Altered States Of Consciousness
I’ve been obsessed with neuroscience as of late. What follows are just a few points I found remarkable in my reading of Altered States of Consciousness - Experiences Out of Time and Self by Marc Wittmann.
In a life or death situation, it’s quite blurry whether people truly experience time in slow motion, or if they only remember their emotionally-charged event that way. It’s a difficult phenomenon to replicate in a laboratory setting for obvious reasons. Witmann’s theory, however, is that precisely this “perception of bodily processes is connected to time consciousness”. Their mind is fully-engaged and recording every detail of these precious moments. [p.11]
“Subjective time can be quantified […] only by comparison with external factors.” [p.19] As Whittmann explores later, this gives credence to the idea that the mind-body keeps track of time through the act of keeping tabs on itself. In Computer Science lingo, it “pings” for a response from the different areas of the body, which is part of the puzzle to produce subjective time.
With substance withdrawal, “one lives unhappily in the present, and one’s relationship to the present is heightened.” [p.22] There’s a drastic overestimation of the passing of time.
The mystical is experienced by focusing primarily on the now, foregoing the past and future. On this subject, Wittmann also includes a dope Epicurus quote: “While we exist, death is not present, and when death is present we no longer exist.”
Yet, don’t be too obsessed with the present. Instead, the ideal “present” attitude is an “individual who is not predominantly oriented toward the past (unable to let go), toward the present (impulsively reward-oriented), or toward the future (purely deadline-oriented), but rather who can switch freely between time orientations, who can exercise temporal freedom.” [p.43]
Protention: What we expect to experience.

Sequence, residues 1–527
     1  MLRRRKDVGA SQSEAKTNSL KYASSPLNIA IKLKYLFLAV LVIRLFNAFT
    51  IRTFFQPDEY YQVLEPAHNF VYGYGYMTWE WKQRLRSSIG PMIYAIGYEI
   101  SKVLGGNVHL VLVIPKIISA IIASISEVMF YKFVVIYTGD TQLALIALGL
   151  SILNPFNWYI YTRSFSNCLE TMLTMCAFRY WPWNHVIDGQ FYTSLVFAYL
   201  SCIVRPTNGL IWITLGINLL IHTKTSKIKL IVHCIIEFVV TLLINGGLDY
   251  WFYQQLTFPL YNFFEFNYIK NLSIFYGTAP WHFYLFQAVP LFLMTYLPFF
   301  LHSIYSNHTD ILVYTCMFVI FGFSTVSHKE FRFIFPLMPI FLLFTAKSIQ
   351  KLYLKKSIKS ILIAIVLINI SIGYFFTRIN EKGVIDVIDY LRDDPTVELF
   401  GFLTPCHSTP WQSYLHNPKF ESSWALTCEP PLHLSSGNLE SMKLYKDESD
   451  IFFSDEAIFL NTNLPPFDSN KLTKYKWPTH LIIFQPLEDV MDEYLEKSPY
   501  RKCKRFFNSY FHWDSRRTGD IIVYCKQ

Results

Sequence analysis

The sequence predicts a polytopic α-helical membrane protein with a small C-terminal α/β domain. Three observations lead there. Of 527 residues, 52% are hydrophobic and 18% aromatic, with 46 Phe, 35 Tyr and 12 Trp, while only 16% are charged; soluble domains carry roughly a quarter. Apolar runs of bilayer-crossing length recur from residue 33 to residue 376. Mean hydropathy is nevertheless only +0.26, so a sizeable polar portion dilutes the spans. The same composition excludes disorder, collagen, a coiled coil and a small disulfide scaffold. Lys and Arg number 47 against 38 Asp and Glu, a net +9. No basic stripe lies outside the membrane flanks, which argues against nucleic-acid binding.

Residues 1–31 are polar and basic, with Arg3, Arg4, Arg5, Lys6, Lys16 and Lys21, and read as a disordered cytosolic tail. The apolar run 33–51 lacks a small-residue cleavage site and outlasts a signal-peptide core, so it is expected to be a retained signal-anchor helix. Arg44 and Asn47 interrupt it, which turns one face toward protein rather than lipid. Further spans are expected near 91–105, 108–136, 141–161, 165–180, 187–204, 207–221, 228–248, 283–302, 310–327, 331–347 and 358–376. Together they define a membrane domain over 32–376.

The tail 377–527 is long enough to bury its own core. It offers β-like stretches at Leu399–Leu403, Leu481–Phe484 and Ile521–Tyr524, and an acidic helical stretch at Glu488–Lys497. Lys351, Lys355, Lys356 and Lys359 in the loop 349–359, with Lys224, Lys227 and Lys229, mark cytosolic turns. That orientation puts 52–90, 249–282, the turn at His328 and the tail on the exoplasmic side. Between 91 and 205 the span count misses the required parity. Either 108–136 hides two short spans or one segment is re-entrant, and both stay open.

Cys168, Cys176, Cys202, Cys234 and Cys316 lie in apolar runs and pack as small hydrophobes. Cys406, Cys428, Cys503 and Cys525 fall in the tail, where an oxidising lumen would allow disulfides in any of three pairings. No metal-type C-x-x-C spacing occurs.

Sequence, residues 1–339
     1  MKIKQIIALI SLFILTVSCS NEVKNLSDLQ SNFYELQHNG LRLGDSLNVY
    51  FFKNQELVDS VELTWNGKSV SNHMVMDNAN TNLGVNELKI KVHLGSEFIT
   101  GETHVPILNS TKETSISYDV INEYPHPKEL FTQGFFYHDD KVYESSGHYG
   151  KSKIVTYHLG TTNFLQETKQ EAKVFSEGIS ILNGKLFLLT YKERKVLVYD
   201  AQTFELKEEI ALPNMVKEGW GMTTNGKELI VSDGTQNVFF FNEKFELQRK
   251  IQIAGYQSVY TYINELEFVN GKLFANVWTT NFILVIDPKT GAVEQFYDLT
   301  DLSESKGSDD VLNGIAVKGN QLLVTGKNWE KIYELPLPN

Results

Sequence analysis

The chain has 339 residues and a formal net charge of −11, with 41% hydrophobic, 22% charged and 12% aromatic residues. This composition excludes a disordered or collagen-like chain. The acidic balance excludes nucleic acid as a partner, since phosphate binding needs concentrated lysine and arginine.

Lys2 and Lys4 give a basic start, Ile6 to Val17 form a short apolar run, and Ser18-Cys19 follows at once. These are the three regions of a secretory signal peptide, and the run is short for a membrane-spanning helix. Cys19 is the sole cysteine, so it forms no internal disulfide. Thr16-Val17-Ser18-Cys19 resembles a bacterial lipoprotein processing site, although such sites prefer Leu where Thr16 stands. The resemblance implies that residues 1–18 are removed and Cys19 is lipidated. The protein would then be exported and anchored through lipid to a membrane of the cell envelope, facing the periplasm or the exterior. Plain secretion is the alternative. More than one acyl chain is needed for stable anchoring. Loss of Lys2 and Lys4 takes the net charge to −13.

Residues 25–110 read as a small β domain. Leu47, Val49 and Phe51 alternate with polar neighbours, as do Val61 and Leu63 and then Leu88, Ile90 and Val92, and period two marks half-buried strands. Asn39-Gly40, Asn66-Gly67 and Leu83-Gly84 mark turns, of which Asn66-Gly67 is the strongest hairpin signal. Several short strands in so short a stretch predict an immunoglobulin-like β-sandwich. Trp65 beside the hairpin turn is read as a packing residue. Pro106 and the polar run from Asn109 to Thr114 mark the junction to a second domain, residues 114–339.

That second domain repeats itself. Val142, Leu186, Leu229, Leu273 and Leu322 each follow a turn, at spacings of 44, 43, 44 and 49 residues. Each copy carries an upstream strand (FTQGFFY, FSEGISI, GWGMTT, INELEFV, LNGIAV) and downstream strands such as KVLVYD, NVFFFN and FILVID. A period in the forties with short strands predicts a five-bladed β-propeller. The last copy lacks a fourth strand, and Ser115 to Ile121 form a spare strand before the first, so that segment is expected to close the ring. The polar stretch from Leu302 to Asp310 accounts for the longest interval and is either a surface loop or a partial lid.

Urimpression: What we experience now.
Retention: Memories not quite in the past; still held in the now.
Together, all three influence how the others are perceived. [p.48]
The “experienced moment” is best illustrated by the time it takes for the mind to switch perspective of the “necker cube” optical illusion.
Whittmann also presents a good bit of evidence that mindfulness meditation gives rise to time expansion, along with improved working memory. The theory is that if you are more aware of the moment, you remember more of your experienced moments, and thusly subjective time expands. [p.55] Most notably, experienced meditators can hold a perspective of the Necker Cube for longer, and were found to feel that the past few weeks/months passed more slowly compared to a control group.
The mystical experience of “Timelessness” might perhaps be the experience of pure urimpression, untouched by preconceptions. Neither protention nor retention remains. No guide for the past or future. The self dissipates. [p.72]
“Boredom actually means that we find ourselves boring. It’s the intensive self-reference: we are bored with ourselves. We are tired of ourselves.” [p.85]
“There is no sense organ for time. Subjective time as a sense of self is a physically and emotionally felt wholeness of our entire self through time.”[p.85] We can see this most clearly in studies of schizophrenia. The patients are “stuck” in the present. This disruption of perceived temporal flow collapses the self into “fragments of now.” [p.99] Their “functional moment” lengthens. Their “experienced moment” is lost.